If you are co-dependent and not in any form of recovery (private therapy or the 12 Step program of Co-dependency Anonymous), you probably have unclear boundaries. You are constantly looking to others for approval. You worship at the altar of others’ views and opinions of you. Criticism can be very toxic and disapproval will cut right to the marrow. The fear of disapproval and the need to people please can keep a co-dependent trapped in abusive, no win situations. A distorted sense of personal worth and abilities and a childlike fear of abandonment can create the belief that you cannot exist without that special someone. You have the constant compulsion to mentally torment and beat yourself up unmercifully. These are prime examples of destructive compulsive survival behaviors that can keep you stuck.
Most co-dependents are clueless when it comes to recognizing and meeting their own needs. They have lived a life consumed with the preoccupation of trying to avoid conflict. “Peace at any price,” is the motto of most co-dependents, even if the price is their self-worth and their mental, emotional and physical health. By saying “yes” when they really want to say “no,” they are surrendering their own personal power and minimizing themselves again and again.
People seek the familiar, whether consciously or unconsciously. Therefore, co-dependents are prone to form toxic relationships with people who are unreliable, dishonest, manipulative, abusive and emotionally unavailable.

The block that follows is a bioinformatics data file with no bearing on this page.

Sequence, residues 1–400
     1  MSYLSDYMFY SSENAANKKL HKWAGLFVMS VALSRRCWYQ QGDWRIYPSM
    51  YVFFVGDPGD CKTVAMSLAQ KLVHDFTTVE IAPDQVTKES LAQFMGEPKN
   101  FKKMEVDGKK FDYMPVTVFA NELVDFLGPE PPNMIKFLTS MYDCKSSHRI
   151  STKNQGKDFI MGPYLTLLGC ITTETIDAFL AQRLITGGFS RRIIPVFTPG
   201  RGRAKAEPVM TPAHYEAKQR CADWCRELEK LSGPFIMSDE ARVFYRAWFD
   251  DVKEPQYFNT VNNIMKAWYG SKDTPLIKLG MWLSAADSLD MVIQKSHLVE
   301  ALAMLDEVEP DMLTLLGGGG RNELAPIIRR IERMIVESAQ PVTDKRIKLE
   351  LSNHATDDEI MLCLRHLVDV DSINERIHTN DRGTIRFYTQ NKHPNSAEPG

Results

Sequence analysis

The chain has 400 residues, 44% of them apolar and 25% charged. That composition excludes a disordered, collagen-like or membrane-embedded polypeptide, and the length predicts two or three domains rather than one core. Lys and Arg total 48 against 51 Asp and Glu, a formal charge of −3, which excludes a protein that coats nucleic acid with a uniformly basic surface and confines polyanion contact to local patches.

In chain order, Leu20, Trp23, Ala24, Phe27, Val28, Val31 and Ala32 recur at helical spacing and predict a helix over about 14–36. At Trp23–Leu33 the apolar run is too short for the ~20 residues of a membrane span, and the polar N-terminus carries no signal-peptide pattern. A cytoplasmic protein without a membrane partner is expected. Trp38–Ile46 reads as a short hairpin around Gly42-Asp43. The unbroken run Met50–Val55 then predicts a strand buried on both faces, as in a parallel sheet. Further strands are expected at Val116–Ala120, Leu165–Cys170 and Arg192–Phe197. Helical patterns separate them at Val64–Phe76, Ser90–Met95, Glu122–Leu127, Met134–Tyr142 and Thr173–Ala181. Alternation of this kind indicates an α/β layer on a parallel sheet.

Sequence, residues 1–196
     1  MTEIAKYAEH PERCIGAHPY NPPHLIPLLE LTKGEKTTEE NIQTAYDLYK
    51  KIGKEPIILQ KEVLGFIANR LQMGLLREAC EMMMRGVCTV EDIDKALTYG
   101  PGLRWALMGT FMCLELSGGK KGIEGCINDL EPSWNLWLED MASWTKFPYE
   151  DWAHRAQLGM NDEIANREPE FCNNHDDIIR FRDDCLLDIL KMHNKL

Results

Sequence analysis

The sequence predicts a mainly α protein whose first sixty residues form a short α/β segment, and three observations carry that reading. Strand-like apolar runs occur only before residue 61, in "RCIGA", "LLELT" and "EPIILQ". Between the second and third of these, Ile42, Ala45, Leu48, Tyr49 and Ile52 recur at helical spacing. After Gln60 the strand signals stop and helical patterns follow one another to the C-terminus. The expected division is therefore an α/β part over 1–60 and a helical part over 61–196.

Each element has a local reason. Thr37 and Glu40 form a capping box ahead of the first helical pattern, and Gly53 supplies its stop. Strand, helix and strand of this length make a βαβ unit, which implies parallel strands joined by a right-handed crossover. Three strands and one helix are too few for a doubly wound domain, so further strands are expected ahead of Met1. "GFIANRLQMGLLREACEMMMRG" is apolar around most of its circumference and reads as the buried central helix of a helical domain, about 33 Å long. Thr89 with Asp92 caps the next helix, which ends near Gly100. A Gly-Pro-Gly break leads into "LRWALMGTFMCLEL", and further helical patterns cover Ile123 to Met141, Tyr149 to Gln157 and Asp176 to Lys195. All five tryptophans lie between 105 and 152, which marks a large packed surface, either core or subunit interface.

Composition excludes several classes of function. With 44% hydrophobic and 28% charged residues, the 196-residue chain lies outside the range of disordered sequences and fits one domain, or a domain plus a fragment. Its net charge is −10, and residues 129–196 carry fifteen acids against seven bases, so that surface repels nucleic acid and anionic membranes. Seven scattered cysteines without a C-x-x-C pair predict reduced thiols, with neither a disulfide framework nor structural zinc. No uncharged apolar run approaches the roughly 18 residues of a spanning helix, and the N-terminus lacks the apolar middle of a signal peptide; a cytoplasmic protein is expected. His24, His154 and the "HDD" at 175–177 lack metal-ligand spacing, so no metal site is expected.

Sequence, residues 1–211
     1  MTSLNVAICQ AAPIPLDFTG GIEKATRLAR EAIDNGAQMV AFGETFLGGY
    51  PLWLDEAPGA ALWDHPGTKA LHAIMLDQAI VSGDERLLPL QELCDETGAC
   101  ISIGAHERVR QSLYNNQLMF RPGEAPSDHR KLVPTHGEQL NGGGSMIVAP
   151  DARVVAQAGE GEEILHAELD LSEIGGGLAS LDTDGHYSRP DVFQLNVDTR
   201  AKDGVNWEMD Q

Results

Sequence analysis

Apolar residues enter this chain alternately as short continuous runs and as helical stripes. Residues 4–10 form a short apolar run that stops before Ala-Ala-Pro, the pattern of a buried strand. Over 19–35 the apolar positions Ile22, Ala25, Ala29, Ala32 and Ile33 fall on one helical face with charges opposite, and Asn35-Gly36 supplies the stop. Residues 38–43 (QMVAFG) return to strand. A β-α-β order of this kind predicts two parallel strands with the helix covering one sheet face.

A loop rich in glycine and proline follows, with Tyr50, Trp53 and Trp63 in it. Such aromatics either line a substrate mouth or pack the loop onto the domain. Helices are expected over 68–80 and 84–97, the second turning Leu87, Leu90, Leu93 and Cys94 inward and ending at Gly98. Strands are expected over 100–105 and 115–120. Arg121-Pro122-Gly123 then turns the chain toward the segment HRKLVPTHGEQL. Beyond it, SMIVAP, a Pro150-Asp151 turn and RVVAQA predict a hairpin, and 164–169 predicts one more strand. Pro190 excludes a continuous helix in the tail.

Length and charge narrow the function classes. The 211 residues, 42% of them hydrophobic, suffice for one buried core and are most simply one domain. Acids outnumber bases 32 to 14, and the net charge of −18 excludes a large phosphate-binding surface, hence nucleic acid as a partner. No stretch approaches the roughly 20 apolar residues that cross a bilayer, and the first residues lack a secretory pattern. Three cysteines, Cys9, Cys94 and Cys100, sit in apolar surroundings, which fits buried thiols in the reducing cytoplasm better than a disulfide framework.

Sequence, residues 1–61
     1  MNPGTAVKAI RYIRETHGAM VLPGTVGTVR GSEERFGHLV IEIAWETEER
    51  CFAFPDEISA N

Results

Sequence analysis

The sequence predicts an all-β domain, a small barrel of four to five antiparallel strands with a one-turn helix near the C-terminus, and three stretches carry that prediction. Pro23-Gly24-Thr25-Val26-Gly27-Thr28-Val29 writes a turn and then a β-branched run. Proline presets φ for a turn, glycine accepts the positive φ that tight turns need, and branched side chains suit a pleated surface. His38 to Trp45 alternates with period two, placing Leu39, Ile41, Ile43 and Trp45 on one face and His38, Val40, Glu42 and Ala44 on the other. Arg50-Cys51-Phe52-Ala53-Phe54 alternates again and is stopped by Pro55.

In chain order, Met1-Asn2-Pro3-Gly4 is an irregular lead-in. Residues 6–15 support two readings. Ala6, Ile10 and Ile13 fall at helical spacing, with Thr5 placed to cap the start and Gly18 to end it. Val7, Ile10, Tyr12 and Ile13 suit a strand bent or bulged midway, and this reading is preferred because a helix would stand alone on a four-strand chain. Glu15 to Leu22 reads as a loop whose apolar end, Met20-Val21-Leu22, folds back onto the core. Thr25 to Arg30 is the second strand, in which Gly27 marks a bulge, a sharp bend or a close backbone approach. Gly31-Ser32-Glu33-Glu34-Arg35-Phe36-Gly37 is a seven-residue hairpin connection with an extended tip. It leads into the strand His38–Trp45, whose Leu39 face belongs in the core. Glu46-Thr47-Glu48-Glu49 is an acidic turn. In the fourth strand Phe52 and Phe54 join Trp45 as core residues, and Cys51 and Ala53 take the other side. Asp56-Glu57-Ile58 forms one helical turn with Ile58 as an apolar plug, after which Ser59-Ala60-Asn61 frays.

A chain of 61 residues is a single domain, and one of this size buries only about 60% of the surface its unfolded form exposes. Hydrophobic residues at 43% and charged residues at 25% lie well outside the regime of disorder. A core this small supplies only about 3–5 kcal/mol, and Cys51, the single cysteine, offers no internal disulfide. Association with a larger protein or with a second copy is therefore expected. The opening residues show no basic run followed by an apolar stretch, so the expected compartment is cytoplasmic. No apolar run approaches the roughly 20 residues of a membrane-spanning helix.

In adults, co-dependence will recreate the environment they grew up in, complete with all the rigid rules. Don’t talk, don’t trust, and don’t feel. There is an unspoken alliance that we are loyal to the family, even if family is underserving of any loyalty. No matter how much you are neglected or abused, it is you that is bad. If you try to distance yourself from the abuser, you are the villain. In these dysfunctional families, it is not uncommon to hear, “By God, I might abuse you, but no one else will,” or (from the adult child), “He was verbally abusive and would rage, but, by God, he was always fair.” Or perhaps, “My parents never showed me any affection or told me they loved me, but I knew they did.” In co-dependency, this is known as people pleasing. It is not uncommon for all the bit players in the dysfunctional household to pretend that everything is fine.
Another prime example of co-dependency rooted from childhood experiences is this: “Where ever you go, whatever you do, don’t forget it’s about me too.” Once grown and out of the house, it is not uncommon for the extended family to feel you owe them. If you are fortunate enough to acquire anything, they will show up and ask, “Where is ours?” The false sense of entitlement in dysfunctional families is appalling.
If your role in your dysfunctional family was to be a caretaker, the myth that you are responsible for other grown adults will never stop until you develop a strong support group and begin to set boundaries.